Bern Seiderman Art Gallery Presents “Avant Garden”

To celebrate and welcome the incoming spring season, LHS’s Bern Seiderman Art Gallery was recently “dressed” to showcase the theme “Avant Garden.” This exhibit for the month of March featured work from second-year fashion students under the guidance of family and consumer science teacher Karen Goulet. 

Bern Seiderman was a former superintendent of the Lynbrook Schools who believed heavily in the balance between all academic courses. He shaped the Lynbrook school system with his vision of a balanced education that equally strengthened students’ academic and artistic skills. The gallery was a component of the new LHS building extension and was dedicated to Seiderman for his great influence. It has a designated theme each month that is introduced at Board Meetings and displays LHS’s finest student artwork.

The “Avant Garden” theme was an adaptation of the fashion style avant-garde, an experimental style showcasing innovative clothing trends that may be considered unusual. Avant-garde style is perfect for those who dare to go against the mainstream, and it has taken the runways by storm in the past few years. Well-known avant-garde fashion designers include Comme Des Garçons, Vivienne Westwood, and Alexander McQueen. Each designer has a unique style that could showcase different silhouettes, asymmetrical hemlines, lots of volume, and monochromatic colors. 

The ‘Avant Garden’ theme was influenced by an episode of Project Runway,” Goulet explained. “Since the avant-garde style is experimental, it allowed us to be over the top in creating the display.”

After finding inspiration, the fashion students were given the challenge of creating their own rendition of avant-garde style that incorporated elements of the environment. The process of creating their pieces began with the students choosing a color scheme and background using gel plates. Then, they designed multiple dresses or thumbnail sketches to create looks one would typically see at a wedding, while incorporating avant-garde.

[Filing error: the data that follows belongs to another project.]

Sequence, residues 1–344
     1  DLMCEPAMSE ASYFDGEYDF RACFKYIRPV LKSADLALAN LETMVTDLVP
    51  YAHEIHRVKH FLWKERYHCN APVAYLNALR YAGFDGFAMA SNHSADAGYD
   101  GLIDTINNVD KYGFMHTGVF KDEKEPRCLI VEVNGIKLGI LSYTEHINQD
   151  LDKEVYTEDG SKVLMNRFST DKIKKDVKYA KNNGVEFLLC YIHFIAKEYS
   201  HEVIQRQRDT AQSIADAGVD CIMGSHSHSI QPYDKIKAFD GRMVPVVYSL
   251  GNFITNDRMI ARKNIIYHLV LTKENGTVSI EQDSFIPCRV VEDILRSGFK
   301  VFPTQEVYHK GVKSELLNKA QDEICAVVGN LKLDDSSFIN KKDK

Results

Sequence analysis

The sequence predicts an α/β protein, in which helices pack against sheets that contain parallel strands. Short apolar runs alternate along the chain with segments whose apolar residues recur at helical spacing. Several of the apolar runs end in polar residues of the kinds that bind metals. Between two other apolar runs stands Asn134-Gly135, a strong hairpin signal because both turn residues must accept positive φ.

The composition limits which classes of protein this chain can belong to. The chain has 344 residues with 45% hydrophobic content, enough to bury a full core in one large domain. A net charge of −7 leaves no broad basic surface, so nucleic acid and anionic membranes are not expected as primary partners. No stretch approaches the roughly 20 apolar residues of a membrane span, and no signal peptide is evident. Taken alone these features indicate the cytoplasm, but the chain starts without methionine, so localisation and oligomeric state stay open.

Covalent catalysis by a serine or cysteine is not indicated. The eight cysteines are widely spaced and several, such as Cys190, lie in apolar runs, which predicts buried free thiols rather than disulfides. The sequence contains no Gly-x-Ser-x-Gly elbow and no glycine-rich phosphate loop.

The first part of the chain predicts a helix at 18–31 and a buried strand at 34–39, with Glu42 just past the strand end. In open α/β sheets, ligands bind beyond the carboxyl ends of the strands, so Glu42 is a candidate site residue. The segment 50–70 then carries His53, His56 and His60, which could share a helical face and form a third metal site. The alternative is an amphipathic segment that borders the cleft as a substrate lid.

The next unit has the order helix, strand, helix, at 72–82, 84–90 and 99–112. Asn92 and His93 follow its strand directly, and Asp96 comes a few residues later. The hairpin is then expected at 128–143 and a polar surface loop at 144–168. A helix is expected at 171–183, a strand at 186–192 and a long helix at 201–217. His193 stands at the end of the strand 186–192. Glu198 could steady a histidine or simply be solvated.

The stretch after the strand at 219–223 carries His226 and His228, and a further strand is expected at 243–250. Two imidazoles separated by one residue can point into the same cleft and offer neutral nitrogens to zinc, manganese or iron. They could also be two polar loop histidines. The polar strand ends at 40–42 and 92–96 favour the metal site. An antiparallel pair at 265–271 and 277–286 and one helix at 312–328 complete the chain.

The students worked together to choose one design to bring to life on a life-size dress form. They used mixed media for the pieces: glued, hand, or machine sewn. To encapsulate the essence of avant-garde, the students used materials that typically would not be seen on the runway: cardboard boxes, packaging, bubble wrap, and more. The “trash” along with typical materials like fabric, ribbon, feathers, and flowers came together to create an “Avant Garden.” 

The use of the trash came into play because there were constant piles of cardboard and styrofoam lining the hallways of the new wing,” Goulet said. “I would walk past the trash daily, and it gave me the idea to use it as a sculptural element. It truly emphasized the avant-garde theme — a bit weird and unconventional,” Goulet added. 

Sophomore Katherine Ferng said she was a bit apprehensive when the trash was introduced. “At first, I could not imagine how bubble wrap or cardboard could be made into a dress,” she shared. “When the pieces started to come together, I was pleasantly surprised. I think the trash was a key component in truly capturing the avant-garde theme, and it created a beautiful display.”

When the pieces were finally put on display, the students were pleased to see what they accomplished. “I get to display my students’ work in the gallery once a year and I absolutely love doing it – it’s the highlight of my year,” Goulet said. “The icing on the cake was the centerpiece created by seniors Stella Kasprzyk and Deirdre McCarthy. I think it pulls the whole display together.” 

Sophomore Peyton Keller agreed, saying, “I thought once put together, the display looked amazing! Everyone in our class worked so hard on our pieces and it totally paid off.”

After the month of March, the gallery was made over and the countdown began for the next fashion display. Students and staff of LHS are excited to see what the Fashion students have in store for next month.